Dr. Xiaolong Luo
Dr. Luo was using bioMEMS as a platform to reconstruct and interrogate the AI-2 synthesis pathway in the bioMEMS environment. The bioMEMS device enables post-fabricated, signal-guided assembly of labile biomolecules onto localized inorganic surfaces inside microfluidic channels with spatial and temporal programmability. He has demonstrated the programmable assembly and enzymatic activity of the metabolic pathway enzyme Pfs, one of the two AI-2 synthases. The bioMEMS has been optimized for studies of metabolic pathway enzymes to improve the signal-to-background ratio of the site-specific enzymatic reactions. Using the demonstrated techniques, Dr. Luo is working with other Biochip team members to complete the AI-2 synthesis pathway by assembling both AI-2 synthases at separate sites in bioMEMS and by assembling AI-2 synthesis nanofactory at the same localized site in bioMEMS. Inhibition of the AI-2 pathway in bioMEMS is underway to demonstrate the bioMEMS as an anti-microbial drug discovery platform. Free-standing chitosan membranes have also been fabricated and implemented as an efficient and versatile configuration for studies of AI-2 synthesis pathway.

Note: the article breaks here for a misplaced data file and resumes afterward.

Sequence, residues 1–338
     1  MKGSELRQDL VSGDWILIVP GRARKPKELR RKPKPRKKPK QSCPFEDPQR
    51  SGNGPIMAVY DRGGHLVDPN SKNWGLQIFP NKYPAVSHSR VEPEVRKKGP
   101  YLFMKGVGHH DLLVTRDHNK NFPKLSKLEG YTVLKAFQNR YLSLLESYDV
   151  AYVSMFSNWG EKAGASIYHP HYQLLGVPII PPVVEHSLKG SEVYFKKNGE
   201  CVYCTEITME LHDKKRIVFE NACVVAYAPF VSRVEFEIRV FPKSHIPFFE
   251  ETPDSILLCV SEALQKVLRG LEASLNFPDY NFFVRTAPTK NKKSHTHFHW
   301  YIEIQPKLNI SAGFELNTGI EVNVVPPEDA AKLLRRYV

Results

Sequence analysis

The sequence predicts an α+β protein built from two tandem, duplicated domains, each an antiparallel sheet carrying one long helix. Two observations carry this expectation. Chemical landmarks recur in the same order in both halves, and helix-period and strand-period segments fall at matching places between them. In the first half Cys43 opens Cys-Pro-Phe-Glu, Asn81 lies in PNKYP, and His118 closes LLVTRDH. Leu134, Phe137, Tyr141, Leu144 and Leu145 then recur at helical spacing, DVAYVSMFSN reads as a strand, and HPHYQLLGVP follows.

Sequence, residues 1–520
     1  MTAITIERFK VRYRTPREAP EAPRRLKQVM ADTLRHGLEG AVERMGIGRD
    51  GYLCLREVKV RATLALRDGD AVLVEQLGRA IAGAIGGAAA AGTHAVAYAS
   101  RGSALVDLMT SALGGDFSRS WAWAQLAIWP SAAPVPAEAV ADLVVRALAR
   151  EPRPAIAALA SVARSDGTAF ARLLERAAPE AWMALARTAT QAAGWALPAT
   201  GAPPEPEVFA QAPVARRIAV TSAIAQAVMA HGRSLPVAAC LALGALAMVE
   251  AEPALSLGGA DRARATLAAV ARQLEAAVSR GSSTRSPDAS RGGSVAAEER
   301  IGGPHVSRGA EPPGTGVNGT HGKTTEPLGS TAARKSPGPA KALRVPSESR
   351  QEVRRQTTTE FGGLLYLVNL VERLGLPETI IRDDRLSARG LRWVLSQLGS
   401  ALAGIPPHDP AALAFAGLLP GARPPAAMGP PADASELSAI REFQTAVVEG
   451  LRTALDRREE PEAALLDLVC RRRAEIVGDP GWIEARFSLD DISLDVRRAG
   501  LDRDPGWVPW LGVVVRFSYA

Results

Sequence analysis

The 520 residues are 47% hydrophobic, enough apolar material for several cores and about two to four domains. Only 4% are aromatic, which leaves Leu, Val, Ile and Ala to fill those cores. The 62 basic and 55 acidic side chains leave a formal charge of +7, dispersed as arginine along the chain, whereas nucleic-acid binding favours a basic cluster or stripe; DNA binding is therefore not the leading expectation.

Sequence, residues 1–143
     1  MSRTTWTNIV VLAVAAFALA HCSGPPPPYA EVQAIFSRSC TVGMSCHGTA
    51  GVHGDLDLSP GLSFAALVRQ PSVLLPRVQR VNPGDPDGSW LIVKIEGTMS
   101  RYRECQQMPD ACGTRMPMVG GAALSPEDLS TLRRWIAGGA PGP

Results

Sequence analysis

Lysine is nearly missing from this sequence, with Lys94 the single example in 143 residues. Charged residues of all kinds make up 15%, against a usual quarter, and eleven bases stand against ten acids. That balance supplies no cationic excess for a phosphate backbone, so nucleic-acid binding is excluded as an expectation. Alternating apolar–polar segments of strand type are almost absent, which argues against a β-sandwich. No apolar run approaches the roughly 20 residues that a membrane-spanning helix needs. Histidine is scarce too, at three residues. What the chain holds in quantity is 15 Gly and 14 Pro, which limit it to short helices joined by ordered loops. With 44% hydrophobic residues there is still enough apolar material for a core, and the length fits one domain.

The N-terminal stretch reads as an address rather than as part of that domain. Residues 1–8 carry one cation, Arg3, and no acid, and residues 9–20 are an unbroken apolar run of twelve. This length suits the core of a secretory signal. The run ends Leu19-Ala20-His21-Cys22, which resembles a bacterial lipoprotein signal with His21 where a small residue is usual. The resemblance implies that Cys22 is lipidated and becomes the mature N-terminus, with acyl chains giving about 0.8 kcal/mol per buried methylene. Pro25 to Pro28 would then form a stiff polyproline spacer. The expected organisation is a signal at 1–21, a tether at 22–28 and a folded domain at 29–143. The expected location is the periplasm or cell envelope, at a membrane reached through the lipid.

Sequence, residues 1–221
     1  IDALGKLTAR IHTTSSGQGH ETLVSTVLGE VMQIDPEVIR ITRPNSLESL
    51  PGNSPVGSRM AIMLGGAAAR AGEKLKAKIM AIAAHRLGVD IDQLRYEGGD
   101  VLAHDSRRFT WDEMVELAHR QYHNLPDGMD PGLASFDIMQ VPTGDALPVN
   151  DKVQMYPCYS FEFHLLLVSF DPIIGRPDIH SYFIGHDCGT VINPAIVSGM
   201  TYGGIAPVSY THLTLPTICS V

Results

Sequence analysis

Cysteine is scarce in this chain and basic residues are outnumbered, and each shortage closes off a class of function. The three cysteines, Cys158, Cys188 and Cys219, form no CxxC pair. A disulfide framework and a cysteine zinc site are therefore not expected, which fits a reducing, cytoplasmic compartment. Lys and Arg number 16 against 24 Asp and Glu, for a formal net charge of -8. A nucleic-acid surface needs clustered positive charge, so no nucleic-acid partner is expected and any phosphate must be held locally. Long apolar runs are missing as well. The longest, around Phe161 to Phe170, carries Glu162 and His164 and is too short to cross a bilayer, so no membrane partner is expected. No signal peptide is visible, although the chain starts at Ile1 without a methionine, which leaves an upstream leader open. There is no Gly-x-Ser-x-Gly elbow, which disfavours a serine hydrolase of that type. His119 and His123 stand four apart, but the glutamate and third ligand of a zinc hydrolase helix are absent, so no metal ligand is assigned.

A light microscopic image (left) and a fluorescent microscopic image (right) showing a free-standing chitosan membrane microfabricated at the interface of two converging microchannels by pH gradient.
Setup of membrane fabrication in microfluidics. Acidic chitosan solution and basic buffer solution are pumped into microfluidic channel to form chitoan membrane at the interface of two converging microchannel. Air plugs are included in the vertically placed syringes to generate steady flows.
Left: A cross-channel bioMEMS device with electric connections and fluidic input/output. Right: A bioMEMS device with mulitple electrodes within each channel.